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Dr Alun Coker
University College London Division of Medicine, Royal Free C
Centre for Amyloidosis and Acute
Tel: 2074332764
Fax: 020 7433 2776
  • Senior Lecturer
  • Inflammation
  • Div of Medicine
  • Faculty of Medical Sciences
Research Summary
The focus of my work is the use of single crystal X-ray diffraction to determine the three dimensional structure of various proteins and to use these structures to gain an understanding of the protein function at the atomic level. This information can then be used to direct mutagenesis experiments or in structure-based drug design.

Current projects:

Serum Amyloid P and Amyloidosis.
Serum amyloid P component (SAP) is a glycoprotein that binds a variety of ligands including proteins, glycosaminoglycans and DNA. SAP is universally associated with the amyloid deposits in all forms of amyloidoses including Alzheimer's disease. Small molecule ligands that displace SAP from amyloid fibres and thereby expose the fibres to proteolytic clearance mechanisms hold potential as therapeutic agents for the prevention and treatment of amyloidoses. We have developed an SAP targeting drug, CPHPC, which has already been in clinical testing for several years and shows promising efficacy in systemic amyloidosis. Its novel mechanism of action in depleting circulating SAP, discovered and elucidated through our collaboration with Prof. M. B. Pepys is patented worldwide. We have also identified a novel chaperone activity of SAP which may be of relevance to amyloidogenesis.
MhpC an alpha/beta hydrolase.
The alpha/beta hydrolases are a family of enzymes that sharing common structural features but without extensive sequence homology. Although the catalytic specificities vary quite widely rather similar arrangements of the catalytic site residues are observed. A conserved catalytic triad occupies similar position with respect to a common motif termed the nucleophile elbow. There is evidence for some members of the family that the conserved serine of this triad may function as a nucleophile as it does in the serine proteases. However, experimental evidence for MhpC suggests that an activated water molecule may form a gem-diol intermediate reminiscent of the aspartic proteases.  We have solved an X-ray structure of MhpC with a bound inhibitor in which the His and Ser of the catalytic triad straddle the inhibitor an arrangement not seen in the serine proteases, where the His-Ser dyad is directed towards the substrate. A similar arrangement is seen in the structures of two other alpha/beta hydrolases; an acetylcholinesterase complexed with Aricept, a drug used in the treatment of Alzhimer's, and a lipase complexed with its substrate. We are now trying to produce crystals of inactive MhpC mutants in complex with its substrate to define the structure of an enzyme substrate intermediate that would confirm our proposed mechanism.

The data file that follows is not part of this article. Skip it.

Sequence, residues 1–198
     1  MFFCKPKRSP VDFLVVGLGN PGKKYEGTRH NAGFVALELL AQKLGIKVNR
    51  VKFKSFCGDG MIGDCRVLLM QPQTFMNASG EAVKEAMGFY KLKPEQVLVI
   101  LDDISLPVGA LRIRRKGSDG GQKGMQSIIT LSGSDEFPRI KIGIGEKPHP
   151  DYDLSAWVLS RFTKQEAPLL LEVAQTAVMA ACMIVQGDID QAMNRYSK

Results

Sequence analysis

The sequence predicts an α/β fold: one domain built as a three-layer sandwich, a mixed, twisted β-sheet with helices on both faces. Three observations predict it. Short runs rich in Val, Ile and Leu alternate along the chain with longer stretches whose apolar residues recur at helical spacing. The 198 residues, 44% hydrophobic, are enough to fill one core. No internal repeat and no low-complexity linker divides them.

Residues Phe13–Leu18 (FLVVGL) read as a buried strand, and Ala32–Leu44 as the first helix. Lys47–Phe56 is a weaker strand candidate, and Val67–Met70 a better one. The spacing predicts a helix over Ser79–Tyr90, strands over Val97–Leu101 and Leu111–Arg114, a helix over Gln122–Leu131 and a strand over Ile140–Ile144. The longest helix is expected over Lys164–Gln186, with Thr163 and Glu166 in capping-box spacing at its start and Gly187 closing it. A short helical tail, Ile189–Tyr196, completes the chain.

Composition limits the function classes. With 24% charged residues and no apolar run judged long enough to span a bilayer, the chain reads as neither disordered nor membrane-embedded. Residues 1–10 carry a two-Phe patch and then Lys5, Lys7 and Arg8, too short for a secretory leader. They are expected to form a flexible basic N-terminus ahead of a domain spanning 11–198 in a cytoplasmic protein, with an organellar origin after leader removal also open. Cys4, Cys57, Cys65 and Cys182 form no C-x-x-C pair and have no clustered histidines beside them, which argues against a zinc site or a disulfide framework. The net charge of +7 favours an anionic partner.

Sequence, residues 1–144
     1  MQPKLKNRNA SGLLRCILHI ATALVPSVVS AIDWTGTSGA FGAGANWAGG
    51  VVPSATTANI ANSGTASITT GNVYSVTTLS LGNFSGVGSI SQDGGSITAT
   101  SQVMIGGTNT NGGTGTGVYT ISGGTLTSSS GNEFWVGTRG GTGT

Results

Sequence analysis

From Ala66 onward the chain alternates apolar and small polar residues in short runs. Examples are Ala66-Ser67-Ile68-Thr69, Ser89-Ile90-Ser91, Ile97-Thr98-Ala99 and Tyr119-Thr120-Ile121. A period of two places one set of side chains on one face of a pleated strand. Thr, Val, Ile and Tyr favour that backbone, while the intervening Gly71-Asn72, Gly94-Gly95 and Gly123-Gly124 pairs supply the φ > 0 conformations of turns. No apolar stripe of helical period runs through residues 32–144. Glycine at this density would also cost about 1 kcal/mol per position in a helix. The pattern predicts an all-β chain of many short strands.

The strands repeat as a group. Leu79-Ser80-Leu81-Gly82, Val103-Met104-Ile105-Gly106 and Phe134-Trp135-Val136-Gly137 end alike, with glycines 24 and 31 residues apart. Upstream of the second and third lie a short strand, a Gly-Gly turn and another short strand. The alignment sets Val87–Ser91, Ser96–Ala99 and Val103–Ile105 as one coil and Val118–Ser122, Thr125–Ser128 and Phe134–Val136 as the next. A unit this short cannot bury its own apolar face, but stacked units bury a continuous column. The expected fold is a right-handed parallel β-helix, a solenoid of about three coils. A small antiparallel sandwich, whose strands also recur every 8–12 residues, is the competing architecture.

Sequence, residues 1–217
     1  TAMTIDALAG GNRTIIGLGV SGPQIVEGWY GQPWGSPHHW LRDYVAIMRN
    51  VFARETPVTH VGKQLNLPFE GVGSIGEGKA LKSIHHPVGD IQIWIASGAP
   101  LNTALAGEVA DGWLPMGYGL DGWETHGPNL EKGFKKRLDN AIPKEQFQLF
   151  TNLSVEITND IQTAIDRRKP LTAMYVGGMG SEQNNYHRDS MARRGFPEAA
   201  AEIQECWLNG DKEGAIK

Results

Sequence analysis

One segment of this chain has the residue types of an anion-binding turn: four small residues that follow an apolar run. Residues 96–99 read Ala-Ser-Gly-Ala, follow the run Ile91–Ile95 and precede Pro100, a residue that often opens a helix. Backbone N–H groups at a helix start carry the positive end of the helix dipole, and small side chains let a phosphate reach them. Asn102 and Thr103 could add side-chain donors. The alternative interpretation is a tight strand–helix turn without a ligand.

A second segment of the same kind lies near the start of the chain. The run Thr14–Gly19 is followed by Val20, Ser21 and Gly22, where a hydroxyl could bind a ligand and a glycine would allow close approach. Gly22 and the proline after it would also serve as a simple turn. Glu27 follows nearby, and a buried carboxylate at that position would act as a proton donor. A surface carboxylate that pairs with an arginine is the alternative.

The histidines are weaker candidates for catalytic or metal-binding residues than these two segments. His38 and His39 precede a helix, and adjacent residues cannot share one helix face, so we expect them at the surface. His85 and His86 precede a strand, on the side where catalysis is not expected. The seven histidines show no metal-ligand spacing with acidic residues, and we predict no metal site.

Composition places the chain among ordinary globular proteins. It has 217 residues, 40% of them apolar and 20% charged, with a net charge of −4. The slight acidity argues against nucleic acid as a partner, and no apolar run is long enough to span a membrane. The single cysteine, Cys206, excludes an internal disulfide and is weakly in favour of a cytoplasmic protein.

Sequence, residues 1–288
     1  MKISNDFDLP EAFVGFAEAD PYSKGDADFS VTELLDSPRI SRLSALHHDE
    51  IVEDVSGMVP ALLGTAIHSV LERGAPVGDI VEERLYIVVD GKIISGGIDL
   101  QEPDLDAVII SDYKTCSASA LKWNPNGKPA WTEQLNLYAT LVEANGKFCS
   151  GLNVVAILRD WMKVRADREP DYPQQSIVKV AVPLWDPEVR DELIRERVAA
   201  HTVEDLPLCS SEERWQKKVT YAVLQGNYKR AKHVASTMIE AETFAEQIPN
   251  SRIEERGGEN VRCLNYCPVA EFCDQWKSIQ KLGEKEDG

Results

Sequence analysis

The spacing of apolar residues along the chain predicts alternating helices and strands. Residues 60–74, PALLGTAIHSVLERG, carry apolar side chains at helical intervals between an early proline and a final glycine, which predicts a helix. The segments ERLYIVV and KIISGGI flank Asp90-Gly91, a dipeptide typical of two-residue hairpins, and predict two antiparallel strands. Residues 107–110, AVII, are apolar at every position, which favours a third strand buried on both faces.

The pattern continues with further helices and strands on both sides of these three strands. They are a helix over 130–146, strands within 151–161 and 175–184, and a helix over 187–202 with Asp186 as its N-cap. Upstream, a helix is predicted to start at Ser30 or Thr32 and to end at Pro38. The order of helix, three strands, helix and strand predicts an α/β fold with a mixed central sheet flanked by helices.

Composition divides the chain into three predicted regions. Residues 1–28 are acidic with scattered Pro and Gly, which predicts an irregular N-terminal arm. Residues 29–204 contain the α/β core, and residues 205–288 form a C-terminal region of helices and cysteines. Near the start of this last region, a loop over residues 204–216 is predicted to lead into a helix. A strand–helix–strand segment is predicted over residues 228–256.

Dengue Fever
Dengue is a mosquito-borne Flavivirus that is of immense global health importance.
Approximately 100 million people are infected with dengue virus each year and this number is set to rise with climate change and human migration. Clinical features of dengue range from mild infection to a life threatening disease called dengue haemorrhagic fever (DHF). Denge virus has a single-stranded, RNA genome that encodes a polyprotein that is cleaved into several structural and non-structural proteins. We are currently interested in nonstructural protein 1 (NS1) and nonstructural protein 5 (NS5). NS1 is thought to play critical roles in RNA replication and virion assembly but its exact function remains unclear. NS5 is a RNA-directed RNA polymerase and 5'-mythyltrasferase, but also seems to play a crucial role in inhibition of innate immunity. A critical advance in understanding the structure and function of theseprotein will inform new avenues of research into development of dengue vaccines and antivirals.
Academic Background
1998 PhD Doctor of Philosophy – Protein Crystallography Birkbeck College
1990 MSc Master of Science – Biomolecular Organisation Birkbeck College
1986 BSc Bachelor of Science – Biomolecular Science University of Portsmouth
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